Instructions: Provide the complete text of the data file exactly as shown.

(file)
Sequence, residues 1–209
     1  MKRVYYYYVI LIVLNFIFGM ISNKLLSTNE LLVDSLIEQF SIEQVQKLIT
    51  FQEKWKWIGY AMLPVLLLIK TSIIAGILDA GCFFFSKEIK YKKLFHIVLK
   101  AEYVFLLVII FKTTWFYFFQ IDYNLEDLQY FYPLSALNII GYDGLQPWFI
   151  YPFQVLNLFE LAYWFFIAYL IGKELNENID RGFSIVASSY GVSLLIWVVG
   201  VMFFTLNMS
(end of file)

Sequence, residues 1–209
     1  MKRVYYYYVI LIVLNFIFGM ISNKLLSTNE LLVDSLIEQF SIEQVQKLIT
    51  FQEKWKWIGY AMLPVLLLIK TSIIAGILDA GCFFFSKEIK YKKLFHIVLK
   101  AEYVFLLVII FKTTWFYFFQ IDYNLEDLQY FYPLSALNII GYDGLQPWFI
   151  YPFQVLNLFE LAYWFFIAYL IGKELNENID RGFSIVASSY GVSLLIWVVG
   201  VMFFTLNMS